There was, clearly, no expense spared in the making of “Space Force.” Imagining what a Space Force branch of the military might actually look like outside the bounds of President Trump’s imagination (though the show never mentions him by name), the new comedy is a splashy flex of Netflix’s powers. It boasts the co-creator team of Greg Daniels and Steve Carell, whose smash hit “The Office” gained an almost more successful second life when it hit Netflix and won over a whole new generation of TV fans. With Carell at the center of its orbit, “Space Force” features an all-star cast including Lisa Kudrow (of Netflix’s other onetime rerun hit, “Friends”), John Malkovich, and even the late Fred Willard in the bittersweet role of Carell’s ailing father. Its sets are expansive and slick, gleaming and pristine. Every episode brings new familiar faces, stellar production design, and the kind of confidence that only the total support of a network can bestow. For all the heft behind it, “Space Force” should be an easy win. Ten episodes later, however, it’s safer to say that “Space Force” is really just okay.
In his first regular comedic TV role since Michael Scott, Carell plays Mark Naird, a newly promoted four-star general who immediately has to prove his worth by making Space Force a workable reality. Mark is either a meek rule obsessive or an arrogant blowhard depending on what any particular scene feels like indulging, but Carell gives him a strange gravelly growl of a voice throughout. While trying to keep Space Force afloat and his head scientist Adrien Mallory (Malkovich) happy, Mark’s also struggling to keep his home life in one piece now that his daughter (Diana Silvers) is miserable in their new town and his wife (Kudrow) is out of the picture. Having him split between his professional and personal worlds makes sense; the ways in which his personality weaves between them doesn’t. For every glimmer of Carell’s deft timing and empathetic acting, there are several more bewildering character notes that keep Mark, the series’ ostensible anchor, floating out of reach.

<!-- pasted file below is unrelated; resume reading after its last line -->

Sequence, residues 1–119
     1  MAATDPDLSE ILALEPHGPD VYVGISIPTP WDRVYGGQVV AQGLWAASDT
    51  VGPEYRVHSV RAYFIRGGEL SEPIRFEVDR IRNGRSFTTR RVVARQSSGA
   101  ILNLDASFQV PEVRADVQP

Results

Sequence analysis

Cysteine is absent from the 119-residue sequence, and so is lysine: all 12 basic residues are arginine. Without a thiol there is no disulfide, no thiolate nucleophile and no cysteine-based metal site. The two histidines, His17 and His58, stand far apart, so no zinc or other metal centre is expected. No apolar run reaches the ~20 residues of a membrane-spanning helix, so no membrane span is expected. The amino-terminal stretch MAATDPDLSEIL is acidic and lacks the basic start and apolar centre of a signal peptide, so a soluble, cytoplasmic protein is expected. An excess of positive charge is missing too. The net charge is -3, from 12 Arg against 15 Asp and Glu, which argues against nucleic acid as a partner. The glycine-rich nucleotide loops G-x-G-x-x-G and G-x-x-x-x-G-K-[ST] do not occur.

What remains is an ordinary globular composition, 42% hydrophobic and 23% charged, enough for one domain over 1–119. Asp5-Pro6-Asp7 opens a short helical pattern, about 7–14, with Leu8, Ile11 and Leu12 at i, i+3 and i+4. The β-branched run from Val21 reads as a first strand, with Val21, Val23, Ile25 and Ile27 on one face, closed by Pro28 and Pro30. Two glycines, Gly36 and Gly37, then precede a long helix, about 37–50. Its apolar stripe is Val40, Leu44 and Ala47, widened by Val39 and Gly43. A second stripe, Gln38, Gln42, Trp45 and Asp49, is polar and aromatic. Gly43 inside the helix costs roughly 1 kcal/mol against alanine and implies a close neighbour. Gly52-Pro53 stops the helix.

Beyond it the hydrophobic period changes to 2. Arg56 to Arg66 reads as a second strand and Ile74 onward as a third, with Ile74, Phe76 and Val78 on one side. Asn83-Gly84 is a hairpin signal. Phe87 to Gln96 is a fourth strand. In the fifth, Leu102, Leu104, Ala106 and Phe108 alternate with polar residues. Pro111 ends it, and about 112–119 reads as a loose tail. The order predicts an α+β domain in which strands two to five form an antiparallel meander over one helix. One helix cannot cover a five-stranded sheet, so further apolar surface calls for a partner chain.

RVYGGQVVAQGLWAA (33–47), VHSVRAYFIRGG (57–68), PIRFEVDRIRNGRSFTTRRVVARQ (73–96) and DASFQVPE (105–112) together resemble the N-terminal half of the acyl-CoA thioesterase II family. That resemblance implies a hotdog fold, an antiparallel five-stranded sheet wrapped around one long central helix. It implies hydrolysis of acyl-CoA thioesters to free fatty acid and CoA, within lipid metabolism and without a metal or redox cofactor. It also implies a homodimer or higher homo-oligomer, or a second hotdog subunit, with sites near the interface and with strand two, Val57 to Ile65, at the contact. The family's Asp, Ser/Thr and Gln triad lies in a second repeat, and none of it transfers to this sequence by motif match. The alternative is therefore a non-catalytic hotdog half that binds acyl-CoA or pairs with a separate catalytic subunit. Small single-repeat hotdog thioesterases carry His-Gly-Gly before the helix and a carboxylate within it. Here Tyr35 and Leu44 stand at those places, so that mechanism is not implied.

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Given its creative team, it’s not altogether surprising that “Space Force” is at its best when letting its workplace dysfunction take over. As a jock Air Force general, the typically stoic Noah Emmerich is having a blast as Mark’s outsized jerk foil. Jimmy O. Yang’s turn as an underling scientist gets a boost from his dry delivery, and is especially good as he gets more time with Tawny Newsome’s Angela, a down to earth captain determined to make her mark. Carell’s never better than when opposite Malkovich, as compellingly weird as ever in an otherwise meek role. Even when the show’s jokes aren’t particularly sharp, its performances always are. (Bonus points are in order for Chris Gethard, who taps in as an unhinged janitor whose eye twitches inspire bigger laughs than his punchlines.)
But when “Space Force” tries to go bigger or more inspiring with its plot, it buckles under the weight of its own ambition. It creeps along as the branch makes vanishingly little progress before suddenly lurching it forward to land on the moon. Its pieces of political satire are both too literal (as when a young liberal congresswoman named “Anabela Ysidro-Campos,” played by Ginger Gonzaga, gives Space Force’s hell in a hearing that evokes an “SNL” cold open) and too dated (Mark’s annoying communications manager, played by Ben Schwartz, is “Tony Scarapiducci,” or more colloquially, “Fuck Tony” as in “FuckJerry,” I guess?). And like it does with its supposed hero, the show swings wildly between finding the idea of Space Force both ridiculous and inspiring. When it finally does land on an idea, it does so with conviction, but without much of a foundation to support it.
After watching the whole first season, it’s hard to say what kind of story or comedy “Space Force” is trying to be. This kind of identity crisis isn’t unique; most freshman comedies need a bit to settle into their grooves and ultimate intentions. Still, given the talent and enormous machine behind it, “Space Force” should by all rights be better than “fine.”
“Space Force” premieres May 29 on Netflix. (10 episodes; all reviewed.)
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